Do You Have a Buddy?

John Dear of Coopie, IncWe were really excited to be involved with this year’s Buddy Walk 2010 in Charlotte, North Carolina and from everything we’ve heard, it was a huge success. We started out supporting Chaser’s Racers, but through Laurie’s connections, we became involved with several teams and helped them create some adorable team shirts to wear for the walk (and around the house, to school, play, etc)!

Here’s a little recap and some pics from Laurie of Chaser’s Racers and Welcome to the Mad House about why the Buddy Walk is so important. We are happy to have Chase as our buddy!

******Did you know that October is Down Syndrome Awareness Month? Most of the Down syndrome organizations choose to hold their annual Buddy Walks this month because of it. The Buddy Walk is the child of the National Down Syndrome Society (www.NDSS.org), and was created in 1995 to bring awareness and acceptance of people with Down syndrome. It is also most organizations’ main means of raising money for their local programs.

Down syndrome didn’t mean a whole lot to me until April 23, 2007. Well, actually 5 days after that when it was confirmed that my new baby boy, Chase, had it. Because we had such a limited knowledge of what Down syndrome meant, my husband and I were completely crushed. We mourned the loss of the child we thought we were supposed to have…and worried about what the future would bring with this new twist.

John Dear of Coopie, IncI’m happy to say that we didn’t stay in that dark place for very long. We didn’t have time to…! Chase (and his 47 chromosomes) was our BOY…my child…and has a face and a personality that you can’t help but love. And it is with that love that we give him every possible chance at life to succeed- through early intervention therapies, through new medical knowledge, through inclusion of every form. Chase will be successful, independent, and lead a fulfilling life…because he is loved and accepted.

My mission now is to show that off to everyone else. Because I can’t imagine life without my little spitfire, and it pains me- actually physically pains me that over 90% of mothers receiving a prenatal diagnosis of Ds choose to terminate their baby. NINETY PERCENT. Also over 90% of the funding for research through the National Health Institute is delegated to prenatal testing. How morbid is THAT? It is assumed that the ‘cure’ for children like Chase is to never let them be born. Unbelievable.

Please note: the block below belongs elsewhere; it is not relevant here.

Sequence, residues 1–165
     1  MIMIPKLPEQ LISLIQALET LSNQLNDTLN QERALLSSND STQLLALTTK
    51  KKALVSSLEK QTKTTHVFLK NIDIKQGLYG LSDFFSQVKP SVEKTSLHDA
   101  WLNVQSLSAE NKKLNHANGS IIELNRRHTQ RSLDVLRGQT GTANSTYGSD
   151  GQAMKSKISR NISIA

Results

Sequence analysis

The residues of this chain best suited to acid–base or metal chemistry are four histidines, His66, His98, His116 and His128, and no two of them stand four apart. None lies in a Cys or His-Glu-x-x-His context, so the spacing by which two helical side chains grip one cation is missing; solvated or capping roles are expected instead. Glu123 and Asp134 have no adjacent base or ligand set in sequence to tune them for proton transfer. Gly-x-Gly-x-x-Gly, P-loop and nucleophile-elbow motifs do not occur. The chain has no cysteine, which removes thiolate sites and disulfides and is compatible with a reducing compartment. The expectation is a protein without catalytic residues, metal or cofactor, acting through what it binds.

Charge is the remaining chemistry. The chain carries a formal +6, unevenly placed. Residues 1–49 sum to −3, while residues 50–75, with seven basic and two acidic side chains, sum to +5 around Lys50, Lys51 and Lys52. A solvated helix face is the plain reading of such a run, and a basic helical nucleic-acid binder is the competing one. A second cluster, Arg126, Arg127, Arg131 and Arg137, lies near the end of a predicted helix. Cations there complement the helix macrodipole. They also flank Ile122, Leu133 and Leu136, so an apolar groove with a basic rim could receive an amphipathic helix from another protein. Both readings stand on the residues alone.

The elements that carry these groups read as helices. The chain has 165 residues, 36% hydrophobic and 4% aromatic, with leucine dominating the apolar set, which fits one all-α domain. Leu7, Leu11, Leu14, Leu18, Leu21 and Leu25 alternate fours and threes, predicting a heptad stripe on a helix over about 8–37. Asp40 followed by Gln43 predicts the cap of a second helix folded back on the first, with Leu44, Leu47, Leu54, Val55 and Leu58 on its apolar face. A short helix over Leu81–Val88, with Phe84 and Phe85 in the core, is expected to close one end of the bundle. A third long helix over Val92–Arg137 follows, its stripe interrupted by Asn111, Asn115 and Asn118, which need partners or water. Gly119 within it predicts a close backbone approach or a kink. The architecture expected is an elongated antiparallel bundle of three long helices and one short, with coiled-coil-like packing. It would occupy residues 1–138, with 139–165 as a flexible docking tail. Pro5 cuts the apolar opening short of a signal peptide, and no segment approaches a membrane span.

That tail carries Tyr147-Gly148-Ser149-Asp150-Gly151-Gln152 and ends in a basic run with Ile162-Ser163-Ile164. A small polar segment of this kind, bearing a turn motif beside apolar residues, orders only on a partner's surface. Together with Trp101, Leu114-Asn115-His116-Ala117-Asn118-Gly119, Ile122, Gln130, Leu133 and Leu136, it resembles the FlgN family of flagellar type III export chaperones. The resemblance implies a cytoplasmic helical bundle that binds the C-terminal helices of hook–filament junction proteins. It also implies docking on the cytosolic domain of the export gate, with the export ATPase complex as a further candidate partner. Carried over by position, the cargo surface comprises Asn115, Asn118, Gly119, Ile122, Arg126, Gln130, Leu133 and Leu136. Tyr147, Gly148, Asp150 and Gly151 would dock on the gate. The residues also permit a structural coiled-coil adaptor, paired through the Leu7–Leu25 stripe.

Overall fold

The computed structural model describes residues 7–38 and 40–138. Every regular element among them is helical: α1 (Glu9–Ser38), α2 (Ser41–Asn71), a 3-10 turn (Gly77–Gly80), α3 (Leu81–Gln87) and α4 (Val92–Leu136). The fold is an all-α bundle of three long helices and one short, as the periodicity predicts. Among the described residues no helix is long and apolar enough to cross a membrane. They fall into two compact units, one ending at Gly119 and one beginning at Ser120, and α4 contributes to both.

They have it totally wrong, though. The cure is acceptance and understanding. The cure is opportunities, high expectations, and research money siphoned into isolating the genes that are responsible for the cognitive delay (of which there is HUGE progress on…see www.dstrf.org for more information and how you can donate to their research).

And THAT is why we walk for Chase, and for all our little friends with Trisomy 21. We walk for awareness of the possibilities and the blessings that Chase brings to us, and we want to share them with the world.

A BIG thanks to Always Happy Life, who sponsored our team, Chaser’s Racers, and provided us with awesome team shirts to wear to the walk. We know Becky and Ed couldn’t be there with us in body, but they were there in spirit!

They missed a fantastic event, filled with bounce houses, ice cream, face painting, and happy, sweaty kids. Everyone was exhausted at the end of the day, in that good I-can’t-fit-any-more-fun-into-my-tired-body kind of feeling. The DSAC raised over $140,000 (double last year’s total!) and we hosted 1,800 people at Freedom Park in Charlotte, NC. 1,800 people who will never be the same, because they know someone like my Chase.

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